“You can’t just keep throwing away human beings. You got them underneath these trap sentences like you had me,” he said. “I wasn’t supposed to get out of prison until 2038. But because people, they showed humanity and had hearts and conscience. Some people don’t have no conscience, they’re just strictly political. They only think about their careers. But what about a human life? What about their families?”

“I just want you to know the pain that our families go through. Because I lost my family,” Thompson said. “Everybody don’t have to lose theirs. I don’t know my family anymore.”

The forum was part of the ACLU’s national Redemption Campaign focused on liberating 50,000 people from federal and state prisons via the use of existing clemency powers. According to their website, the campaign is pursuing clemency for people who would face shorter sentences if convicted now under recent reforms, people incarcerated for distribution and possession charges regardless of the substance, those incarcerated for technical probation or parole violations and older incarcerated people.

Biden cheered Brown’s mass cannabis pardon in November, tweeting that it’s “time to right our failed approach to marijuana,” while urging other states to follow suit.

Other governors have also heeded Biden’s call for state-level cannabis clemency.

North Carolina Gov. Roy Cooper (D) declared his support of marijuana decriminalization in October, saying it’s time to “end the stigma” and announcing steps he’s taken to explore his options for independently granting relief to people with existing convictions.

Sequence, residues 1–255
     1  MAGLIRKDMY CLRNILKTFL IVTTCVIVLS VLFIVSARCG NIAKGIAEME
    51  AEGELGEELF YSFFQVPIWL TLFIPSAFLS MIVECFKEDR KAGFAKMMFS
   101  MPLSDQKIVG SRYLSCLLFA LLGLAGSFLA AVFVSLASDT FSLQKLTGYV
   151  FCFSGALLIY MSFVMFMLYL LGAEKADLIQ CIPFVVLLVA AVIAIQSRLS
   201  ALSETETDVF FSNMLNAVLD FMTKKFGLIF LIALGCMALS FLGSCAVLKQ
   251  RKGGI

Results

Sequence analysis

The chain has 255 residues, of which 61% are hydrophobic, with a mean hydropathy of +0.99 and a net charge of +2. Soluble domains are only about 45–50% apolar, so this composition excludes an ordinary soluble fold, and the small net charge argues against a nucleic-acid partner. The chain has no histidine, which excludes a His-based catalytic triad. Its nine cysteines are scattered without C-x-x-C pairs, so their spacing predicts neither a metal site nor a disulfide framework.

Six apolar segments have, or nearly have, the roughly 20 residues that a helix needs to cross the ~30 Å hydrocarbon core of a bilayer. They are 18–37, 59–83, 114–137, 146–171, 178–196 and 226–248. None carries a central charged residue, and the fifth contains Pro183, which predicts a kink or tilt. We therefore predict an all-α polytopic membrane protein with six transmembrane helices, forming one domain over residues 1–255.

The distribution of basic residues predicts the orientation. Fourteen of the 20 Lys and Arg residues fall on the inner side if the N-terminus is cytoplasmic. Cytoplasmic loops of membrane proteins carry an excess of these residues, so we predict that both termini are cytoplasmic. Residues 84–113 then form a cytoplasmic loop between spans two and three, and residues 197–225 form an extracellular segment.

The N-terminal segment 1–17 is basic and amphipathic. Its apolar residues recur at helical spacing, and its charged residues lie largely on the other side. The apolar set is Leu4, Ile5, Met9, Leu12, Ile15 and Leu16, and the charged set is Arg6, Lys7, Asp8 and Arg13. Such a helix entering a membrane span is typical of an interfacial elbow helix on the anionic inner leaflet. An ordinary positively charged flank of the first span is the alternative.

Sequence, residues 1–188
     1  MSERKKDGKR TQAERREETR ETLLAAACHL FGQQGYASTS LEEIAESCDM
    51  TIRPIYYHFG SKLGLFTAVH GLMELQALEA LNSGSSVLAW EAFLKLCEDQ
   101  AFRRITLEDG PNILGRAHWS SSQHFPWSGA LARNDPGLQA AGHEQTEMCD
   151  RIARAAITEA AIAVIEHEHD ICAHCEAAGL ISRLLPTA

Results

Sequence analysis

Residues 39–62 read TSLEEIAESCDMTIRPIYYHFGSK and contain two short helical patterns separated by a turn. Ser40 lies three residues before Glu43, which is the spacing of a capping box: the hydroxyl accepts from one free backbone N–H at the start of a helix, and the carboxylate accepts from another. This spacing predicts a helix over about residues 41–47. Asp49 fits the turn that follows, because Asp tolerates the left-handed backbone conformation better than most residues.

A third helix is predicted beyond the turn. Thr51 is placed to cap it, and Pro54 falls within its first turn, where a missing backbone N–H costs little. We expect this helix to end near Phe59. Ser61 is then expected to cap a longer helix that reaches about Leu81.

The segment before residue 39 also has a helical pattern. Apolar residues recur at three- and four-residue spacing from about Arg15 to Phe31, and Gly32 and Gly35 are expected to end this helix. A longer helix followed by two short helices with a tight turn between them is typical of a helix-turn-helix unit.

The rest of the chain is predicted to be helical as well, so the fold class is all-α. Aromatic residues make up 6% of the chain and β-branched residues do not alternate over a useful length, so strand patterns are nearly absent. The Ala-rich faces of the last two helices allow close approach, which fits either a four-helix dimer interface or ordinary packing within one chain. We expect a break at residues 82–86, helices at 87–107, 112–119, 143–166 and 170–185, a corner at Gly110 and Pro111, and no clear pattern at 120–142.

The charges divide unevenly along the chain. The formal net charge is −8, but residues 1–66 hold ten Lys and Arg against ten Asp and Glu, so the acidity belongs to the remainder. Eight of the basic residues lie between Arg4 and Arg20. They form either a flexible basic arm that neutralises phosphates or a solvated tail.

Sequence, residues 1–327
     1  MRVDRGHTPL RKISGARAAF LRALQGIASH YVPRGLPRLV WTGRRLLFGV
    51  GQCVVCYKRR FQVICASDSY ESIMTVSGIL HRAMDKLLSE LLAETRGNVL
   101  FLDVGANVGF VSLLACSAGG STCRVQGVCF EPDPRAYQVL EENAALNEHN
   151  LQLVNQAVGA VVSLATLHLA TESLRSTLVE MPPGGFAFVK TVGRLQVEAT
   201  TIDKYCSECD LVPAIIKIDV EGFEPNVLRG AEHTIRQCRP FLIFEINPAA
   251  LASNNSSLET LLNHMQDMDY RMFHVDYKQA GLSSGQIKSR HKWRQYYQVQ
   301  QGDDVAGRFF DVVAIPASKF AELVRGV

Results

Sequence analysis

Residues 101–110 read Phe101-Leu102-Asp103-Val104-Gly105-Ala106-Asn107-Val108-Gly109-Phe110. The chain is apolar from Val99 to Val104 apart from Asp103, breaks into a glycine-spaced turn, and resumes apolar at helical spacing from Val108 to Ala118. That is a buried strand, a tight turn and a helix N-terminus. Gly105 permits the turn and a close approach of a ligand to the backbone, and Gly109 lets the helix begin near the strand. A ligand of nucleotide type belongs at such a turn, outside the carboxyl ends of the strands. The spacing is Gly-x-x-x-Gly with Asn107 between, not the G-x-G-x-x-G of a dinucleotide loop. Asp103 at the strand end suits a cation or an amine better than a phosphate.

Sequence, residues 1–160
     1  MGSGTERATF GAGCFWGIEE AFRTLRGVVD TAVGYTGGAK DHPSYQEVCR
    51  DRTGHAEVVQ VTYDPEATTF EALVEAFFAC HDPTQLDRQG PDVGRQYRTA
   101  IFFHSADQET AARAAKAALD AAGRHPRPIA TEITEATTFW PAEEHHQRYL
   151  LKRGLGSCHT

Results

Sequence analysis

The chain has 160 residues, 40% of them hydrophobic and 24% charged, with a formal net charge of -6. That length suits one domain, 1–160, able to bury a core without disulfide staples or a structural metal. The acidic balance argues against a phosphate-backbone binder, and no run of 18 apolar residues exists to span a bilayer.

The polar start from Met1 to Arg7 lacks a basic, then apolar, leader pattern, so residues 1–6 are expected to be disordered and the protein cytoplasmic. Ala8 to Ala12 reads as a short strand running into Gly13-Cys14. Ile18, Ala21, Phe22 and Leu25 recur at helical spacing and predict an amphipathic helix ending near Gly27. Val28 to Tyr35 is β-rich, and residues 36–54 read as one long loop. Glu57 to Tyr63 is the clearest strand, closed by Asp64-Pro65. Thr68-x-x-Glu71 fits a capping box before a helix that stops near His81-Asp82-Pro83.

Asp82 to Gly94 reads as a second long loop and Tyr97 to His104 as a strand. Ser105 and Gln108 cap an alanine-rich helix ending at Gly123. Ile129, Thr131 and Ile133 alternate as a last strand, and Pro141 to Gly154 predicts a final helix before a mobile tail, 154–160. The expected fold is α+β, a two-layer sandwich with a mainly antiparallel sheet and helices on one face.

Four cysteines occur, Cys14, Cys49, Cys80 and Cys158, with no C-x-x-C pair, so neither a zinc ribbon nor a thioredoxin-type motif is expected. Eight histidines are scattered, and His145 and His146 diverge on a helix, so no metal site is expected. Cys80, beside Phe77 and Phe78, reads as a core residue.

Kentucky Gov. Andy Beshear (D), meanwhile, signed two marijuana-related executive orders last month: one to protect patients who meet certain criteria and possess medical cannabis legally obtained from dispensaries in other states, and another to regulate the sale of delta-8 THC products. The medical cannabis move is based on the governor’s clemency powers.

But other governors, such as Florida’s Ron Desantis (R), have so far declined to act and are facing pressure from others in state government. Agriculture Commissioner Nikki Fried (D) wrote to Desantis last week to express her frustration over what she described as a “dereliction of duty” after the final Clemency Board meeting of the year was canceled.

In October, Fried had requested Desantis place cannabis clemency on the board’s agenda for its December meeting. She had hoped the meeting would be used to facilitate pardons for people with marijuana convictions on their records.

Florida Sen. Shevrin Jones (D) separately urged Desantis to take steps to grant clemency to Floridians who’ve been criminalized over marijuana.

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Photo courtesy of Governor Kate Brown.

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Brian Nam-Sonenstein is a journalist and editor living in southern Maine. He is a co-founder of the Beyond Prisons podcast and, and his work has appeared in The Portland Phoenix, Solitary Watch, TruthOut, Prison Legal News and other outlets.